Lesbian transmission of HIV: a rare case reported

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A rare case of female-to-female sexual transmission of HIV is reported in the online edition of the journal Clinical Infectious Diseases, due to be published on 1st February 2003. Doctors suggest the woman may have been infected through sharing sex toys after drug resistance tests found striking similarities between the genotypes of the woman and her female HIV-positive partner.

The case concerns a 20 year old woman, from Philadelphia, who presented with HIV infection having had a negative HIV test result six months earlier. The woman had been in a monogamous lesbian relationship for the past two years, and denied having had any other sexual partners, male or female. She had never injected drugs or received blood products, and had no tattoos or body piercings.

The couple’s sexual practices included the sharing of sex toys, and oral sex. These activities did not occur during menstruation, but sex toys had occasionally been used vigorously enough to draw blood.



Refers to the mouth, for example a medicine taken by mouth.

drug resistance

A drug-resistant HIV strain is one which is less susceptible to the effects of one or more anti-HIV drugs because of an accumulation of HIV mutations in its genotype. Resistance can be the result of a poor adherence to treatment or of transmission of an already resistant virus.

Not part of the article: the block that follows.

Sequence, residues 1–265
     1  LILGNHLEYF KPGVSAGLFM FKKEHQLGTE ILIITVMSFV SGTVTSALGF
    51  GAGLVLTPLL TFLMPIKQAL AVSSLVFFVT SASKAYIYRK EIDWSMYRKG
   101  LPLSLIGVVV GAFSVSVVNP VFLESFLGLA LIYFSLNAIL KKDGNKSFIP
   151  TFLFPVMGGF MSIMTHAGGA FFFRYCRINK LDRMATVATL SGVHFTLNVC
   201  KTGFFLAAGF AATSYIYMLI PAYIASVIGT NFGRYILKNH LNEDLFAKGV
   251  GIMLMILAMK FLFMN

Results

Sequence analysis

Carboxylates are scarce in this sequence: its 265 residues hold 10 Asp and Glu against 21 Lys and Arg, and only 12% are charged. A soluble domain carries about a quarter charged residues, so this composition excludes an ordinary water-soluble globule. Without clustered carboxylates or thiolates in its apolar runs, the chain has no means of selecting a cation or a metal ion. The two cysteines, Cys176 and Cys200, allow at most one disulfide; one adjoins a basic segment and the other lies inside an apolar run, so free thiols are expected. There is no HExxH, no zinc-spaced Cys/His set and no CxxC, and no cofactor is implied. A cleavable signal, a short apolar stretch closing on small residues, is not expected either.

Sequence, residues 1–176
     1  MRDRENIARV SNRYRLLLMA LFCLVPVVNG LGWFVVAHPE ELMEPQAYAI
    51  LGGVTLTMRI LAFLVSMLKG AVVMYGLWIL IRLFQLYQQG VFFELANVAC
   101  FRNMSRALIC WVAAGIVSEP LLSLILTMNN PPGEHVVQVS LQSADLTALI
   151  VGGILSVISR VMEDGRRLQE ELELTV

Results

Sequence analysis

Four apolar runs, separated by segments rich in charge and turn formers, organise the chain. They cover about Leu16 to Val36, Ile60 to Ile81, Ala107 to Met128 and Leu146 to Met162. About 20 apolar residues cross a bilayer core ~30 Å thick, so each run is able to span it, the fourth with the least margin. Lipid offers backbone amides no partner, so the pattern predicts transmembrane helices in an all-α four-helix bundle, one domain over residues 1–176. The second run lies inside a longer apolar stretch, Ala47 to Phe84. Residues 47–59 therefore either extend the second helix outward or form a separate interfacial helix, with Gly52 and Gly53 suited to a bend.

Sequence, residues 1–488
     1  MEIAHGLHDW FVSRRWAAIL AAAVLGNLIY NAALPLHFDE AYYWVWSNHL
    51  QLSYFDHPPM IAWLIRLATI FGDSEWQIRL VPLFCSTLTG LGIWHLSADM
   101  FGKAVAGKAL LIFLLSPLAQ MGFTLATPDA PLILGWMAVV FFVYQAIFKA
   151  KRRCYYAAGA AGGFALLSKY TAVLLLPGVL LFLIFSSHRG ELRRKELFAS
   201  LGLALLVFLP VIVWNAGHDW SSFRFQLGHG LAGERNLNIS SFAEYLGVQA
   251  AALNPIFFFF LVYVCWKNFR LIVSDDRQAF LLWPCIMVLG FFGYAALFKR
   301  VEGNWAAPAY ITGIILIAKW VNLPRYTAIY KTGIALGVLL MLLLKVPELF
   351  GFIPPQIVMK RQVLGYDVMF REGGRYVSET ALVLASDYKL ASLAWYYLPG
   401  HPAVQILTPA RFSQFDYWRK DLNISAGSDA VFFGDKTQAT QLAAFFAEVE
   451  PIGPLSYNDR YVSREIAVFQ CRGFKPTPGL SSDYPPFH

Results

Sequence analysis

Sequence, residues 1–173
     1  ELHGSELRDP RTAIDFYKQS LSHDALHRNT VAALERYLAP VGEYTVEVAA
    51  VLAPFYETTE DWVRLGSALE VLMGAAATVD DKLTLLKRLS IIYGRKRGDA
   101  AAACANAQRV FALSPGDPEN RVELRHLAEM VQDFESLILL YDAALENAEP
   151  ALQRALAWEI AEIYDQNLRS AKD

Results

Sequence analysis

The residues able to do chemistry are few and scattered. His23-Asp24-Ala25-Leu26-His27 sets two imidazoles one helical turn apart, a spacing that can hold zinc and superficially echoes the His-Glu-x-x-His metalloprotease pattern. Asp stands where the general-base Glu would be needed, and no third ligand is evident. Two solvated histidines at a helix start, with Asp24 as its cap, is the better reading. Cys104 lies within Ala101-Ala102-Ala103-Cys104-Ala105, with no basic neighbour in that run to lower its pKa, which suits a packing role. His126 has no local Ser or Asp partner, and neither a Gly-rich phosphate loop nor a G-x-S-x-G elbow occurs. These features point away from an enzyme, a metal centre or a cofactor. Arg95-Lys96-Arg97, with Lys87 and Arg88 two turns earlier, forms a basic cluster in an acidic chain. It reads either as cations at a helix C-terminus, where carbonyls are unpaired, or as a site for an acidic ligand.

A serodiscordant couple is one in which one partner has HIV and the other has not. Many people dislike this word as it implies disagreement or conflict. Alternative terms include mixed status, magnetic or serodifferent.

oral sex

Kissing, licking or sucking another person's genitals, i.e. fellatio, cunnilingus, a blow job, giving head.

A medical examination established that the woman was in good health with no evidence of injecting drug use, or nasal damage from cocaine snorting. The woman also had good oral health, which physicians took to mean that oral transmission could be ruled out.

Her bisexual partner was known to be HIV-positive, and is believed to be the source of infection because of similarities observed when the two women underwent genotypic drug resistance tests. The 20 year old woman was infected with multi-drug resistant HIV, which carried the following mutations: T215Y (associated with resistance to AZT, d4T and abacavir), D30N (associated with resistance to nelfinavir), K103N (associated with resistance to NNRTIs), L63P (a polymorphism), V77I (also a polymorphism), and M41L (associated with resistance to AZT and d4T, and with resistance to other NRTIs in the presence of T215Y). Her partner’s genotype carried mutations at each of these points, plus M184V (associated with resistance to 3TC).

The investigators note that this is the "first reported case of female-to-female sexual transmission of HIV supported by identification of similar HIV genotypes in the source patient and the recipient."

They conclude that whilst reports of woman-to-woman sexual transmission of HIV are scarce, lesbians in HIV-discordant relationships should be advised regarding safer sexual practices.


Kwakwa HA et al. Female-to-female transmission of human immunodeficiency virus. Clinical Infectious Diseases, 36, 1 February 2003.